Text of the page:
I don’t know if that goes through now if Amazon acquires MGM. It also doesn’t look good for Foxtel’s Movies HD channel package as there will be less possible variety of movies for Foxtel to access in the market now to offer its customers.

Amazon and their Amazon Prime Video streaming service will be strengthened having the thousands of movies and assortment of TV shows in the MGM vault available to their customers.

James Bond - No Time To Die (image MGM)
James Bond – No Time To Die (image MGM)

Unrelated to Foxtel but interesting still if the deal goes through is the release of the latest entry in the James Bond series of movies, No Time To Die. It was originally slated for release in March 2020 but has been delayed to November of this year due to the pandemic. If Amazon gains control of MGM will they release it directly to consumers on Amazon Prime Video?

Foxtel and Stan will have no choice but to double down on sports and original content (like drama, comedy, documentaries and lifestyle) with the extra money available in their content budgets in my eyes.

That means more Foxtel original shows like Wentworth and Upright and investment in AFL, NRL & cricket and any other sports they can get their hands on for Foxtel. More Stan original shows like Romper Stomper and Bloom and bidding on more sports rights when they come up for Stan. Things could get very interesting for sports viewers in Australia in the next few years. And there could be a renaissance in Australian produced drama and comedy.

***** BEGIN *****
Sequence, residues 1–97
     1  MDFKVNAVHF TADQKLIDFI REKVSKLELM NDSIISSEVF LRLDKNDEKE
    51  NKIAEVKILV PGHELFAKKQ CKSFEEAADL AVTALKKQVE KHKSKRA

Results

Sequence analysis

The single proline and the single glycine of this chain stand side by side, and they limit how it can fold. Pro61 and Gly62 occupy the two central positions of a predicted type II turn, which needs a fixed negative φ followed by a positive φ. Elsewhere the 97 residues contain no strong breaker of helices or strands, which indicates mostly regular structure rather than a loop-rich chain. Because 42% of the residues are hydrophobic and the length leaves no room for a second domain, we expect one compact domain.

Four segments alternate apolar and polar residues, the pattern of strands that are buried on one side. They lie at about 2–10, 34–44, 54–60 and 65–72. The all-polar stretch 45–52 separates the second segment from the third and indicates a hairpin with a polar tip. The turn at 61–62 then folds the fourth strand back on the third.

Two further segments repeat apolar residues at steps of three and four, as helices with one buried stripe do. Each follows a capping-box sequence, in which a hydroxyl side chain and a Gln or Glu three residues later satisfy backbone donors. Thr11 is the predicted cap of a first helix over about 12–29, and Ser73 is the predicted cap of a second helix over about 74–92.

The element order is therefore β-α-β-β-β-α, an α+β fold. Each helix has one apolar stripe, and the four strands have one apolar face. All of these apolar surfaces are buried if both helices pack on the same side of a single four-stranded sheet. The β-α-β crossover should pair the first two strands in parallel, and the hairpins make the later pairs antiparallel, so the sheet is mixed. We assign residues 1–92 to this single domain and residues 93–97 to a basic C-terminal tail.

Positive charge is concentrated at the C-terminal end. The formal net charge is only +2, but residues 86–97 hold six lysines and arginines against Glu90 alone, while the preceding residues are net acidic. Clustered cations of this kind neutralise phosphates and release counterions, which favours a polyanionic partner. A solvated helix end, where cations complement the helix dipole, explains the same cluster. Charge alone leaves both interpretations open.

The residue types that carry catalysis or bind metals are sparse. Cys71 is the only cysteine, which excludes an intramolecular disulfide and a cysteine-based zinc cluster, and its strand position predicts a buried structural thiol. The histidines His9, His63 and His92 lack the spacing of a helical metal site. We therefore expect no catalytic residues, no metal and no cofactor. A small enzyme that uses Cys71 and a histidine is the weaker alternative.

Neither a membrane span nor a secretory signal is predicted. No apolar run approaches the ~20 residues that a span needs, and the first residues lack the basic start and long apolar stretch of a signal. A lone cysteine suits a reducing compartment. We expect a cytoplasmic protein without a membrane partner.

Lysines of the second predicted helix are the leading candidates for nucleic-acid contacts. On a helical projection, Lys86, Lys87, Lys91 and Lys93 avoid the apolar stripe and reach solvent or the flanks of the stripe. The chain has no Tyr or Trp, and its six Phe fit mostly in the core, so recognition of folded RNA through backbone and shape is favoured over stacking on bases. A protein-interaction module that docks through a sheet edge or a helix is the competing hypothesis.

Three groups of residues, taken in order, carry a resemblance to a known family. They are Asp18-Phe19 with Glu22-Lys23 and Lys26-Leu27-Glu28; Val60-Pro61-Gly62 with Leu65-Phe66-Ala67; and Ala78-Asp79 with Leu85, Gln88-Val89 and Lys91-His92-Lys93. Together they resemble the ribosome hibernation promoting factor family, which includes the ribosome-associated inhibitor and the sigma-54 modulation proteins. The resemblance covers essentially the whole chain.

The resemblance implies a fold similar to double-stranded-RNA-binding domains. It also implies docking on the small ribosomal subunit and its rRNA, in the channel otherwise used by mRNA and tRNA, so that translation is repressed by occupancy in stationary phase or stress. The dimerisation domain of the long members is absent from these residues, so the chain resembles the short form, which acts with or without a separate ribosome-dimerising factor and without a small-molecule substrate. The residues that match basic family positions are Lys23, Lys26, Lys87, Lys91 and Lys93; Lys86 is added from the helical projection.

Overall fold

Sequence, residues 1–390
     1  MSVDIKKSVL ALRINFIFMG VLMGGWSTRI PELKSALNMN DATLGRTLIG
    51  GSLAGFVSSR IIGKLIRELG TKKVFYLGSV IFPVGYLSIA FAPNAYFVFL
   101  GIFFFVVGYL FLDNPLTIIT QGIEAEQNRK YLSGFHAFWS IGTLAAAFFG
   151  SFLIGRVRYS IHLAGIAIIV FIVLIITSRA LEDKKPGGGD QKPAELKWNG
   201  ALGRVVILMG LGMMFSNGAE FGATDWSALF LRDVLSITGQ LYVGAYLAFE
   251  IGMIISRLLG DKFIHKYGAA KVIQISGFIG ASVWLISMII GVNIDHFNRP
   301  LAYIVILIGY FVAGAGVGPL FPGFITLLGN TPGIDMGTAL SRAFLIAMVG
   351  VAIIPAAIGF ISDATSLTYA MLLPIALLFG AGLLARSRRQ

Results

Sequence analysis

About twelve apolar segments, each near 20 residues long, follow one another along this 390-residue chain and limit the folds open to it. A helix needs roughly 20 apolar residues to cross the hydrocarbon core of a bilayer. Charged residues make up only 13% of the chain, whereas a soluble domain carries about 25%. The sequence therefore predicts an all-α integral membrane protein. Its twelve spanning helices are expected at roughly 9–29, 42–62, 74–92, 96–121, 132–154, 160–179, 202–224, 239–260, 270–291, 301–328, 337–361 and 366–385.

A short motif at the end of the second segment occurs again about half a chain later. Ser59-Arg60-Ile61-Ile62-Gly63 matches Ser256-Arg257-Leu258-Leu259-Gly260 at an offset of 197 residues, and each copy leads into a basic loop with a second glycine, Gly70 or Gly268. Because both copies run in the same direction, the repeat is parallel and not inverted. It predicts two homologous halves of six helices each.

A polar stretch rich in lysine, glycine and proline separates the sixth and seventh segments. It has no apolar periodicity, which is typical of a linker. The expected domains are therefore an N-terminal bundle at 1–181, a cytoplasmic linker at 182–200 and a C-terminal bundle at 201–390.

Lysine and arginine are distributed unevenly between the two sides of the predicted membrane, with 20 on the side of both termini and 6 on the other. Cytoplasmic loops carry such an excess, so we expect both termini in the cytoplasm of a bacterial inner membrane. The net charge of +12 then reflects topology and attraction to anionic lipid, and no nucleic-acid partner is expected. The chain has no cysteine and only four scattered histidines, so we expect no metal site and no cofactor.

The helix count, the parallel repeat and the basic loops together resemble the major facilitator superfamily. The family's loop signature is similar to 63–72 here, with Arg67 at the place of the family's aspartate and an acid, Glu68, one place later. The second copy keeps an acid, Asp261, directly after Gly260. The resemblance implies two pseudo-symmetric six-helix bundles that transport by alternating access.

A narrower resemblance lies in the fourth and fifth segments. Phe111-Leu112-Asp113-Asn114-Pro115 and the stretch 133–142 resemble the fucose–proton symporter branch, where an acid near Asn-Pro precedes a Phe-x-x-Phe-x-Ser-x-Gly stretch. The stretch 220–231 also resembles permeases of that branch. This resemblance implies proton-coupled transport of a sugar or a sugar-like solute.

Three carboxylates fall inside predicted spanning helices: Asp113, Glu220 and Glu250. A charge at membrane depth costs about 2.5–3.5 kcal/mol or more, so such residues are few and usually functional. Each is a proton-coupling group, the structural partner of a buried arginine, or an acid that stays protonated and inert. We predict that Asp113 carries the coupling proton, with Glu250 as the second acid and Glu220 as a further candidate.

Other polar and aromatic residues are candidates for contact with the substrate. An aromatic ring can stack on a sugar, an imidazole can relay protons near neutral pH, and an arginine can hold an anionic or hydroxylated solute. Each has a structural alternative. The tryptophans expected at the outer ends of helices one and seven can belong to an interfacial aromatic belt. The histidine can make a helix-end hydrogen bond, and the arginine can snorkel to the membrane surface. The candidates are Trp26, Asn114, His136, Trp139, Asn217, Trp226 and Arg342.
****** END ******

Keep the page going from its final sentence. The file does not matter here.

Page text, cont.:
So what are your thoughts? Would you subscribe to the new HBO Max-Discovery+ if it came to Australia? Are these changes likely to make you stay with Foxtel and/or Stan or cancel your subscription? Will you subscribe to Amazon Prime Video if they gain the MGM library of films and TV shows? Do you hope No Time to Die comes out in cinemas or Amazon Prime Video?


Anthony Eales
Anthony Eales is a long time Australian Media, News & Tech Junkie who blogs regularly about the Australian streaming industry on Medium


  1. Amazon Prime Video, just the same as Netflix and HBO Max, are still releasing some movies to cinemas. There is every reason to believe that the forthcoming James Bond movie will get a cinema release before or at the same time as it is available as a pay-per-view stream.

    • This is also ignores the significant power EON Productions have over what happens with James Bond. Amazon will not own James Bond if this goes through but will own about half of it with EON – and they exert significant control over what happens with the IP. It will stay in cinemas and then go to Prime Video after

  2. There is no chance the Bond films will launch online only, and there’s very little chance of a simultaneous release. The cinemas are back open in many parts of the world, and there’s money to be made in them. There also remains a stigma to being a “made-for-TV movie”, and any movie wanting a sense of being a blockbuster will be cinema-first for a long time to come. The cinema-only window might get very small (even just a week perhaps in many cases), but it will remain.

    Fetch has a lot to lose from the Warner-Discovery deal going ahead. It relies heavily on Discovery programming, and has already lost it’s Warner channels.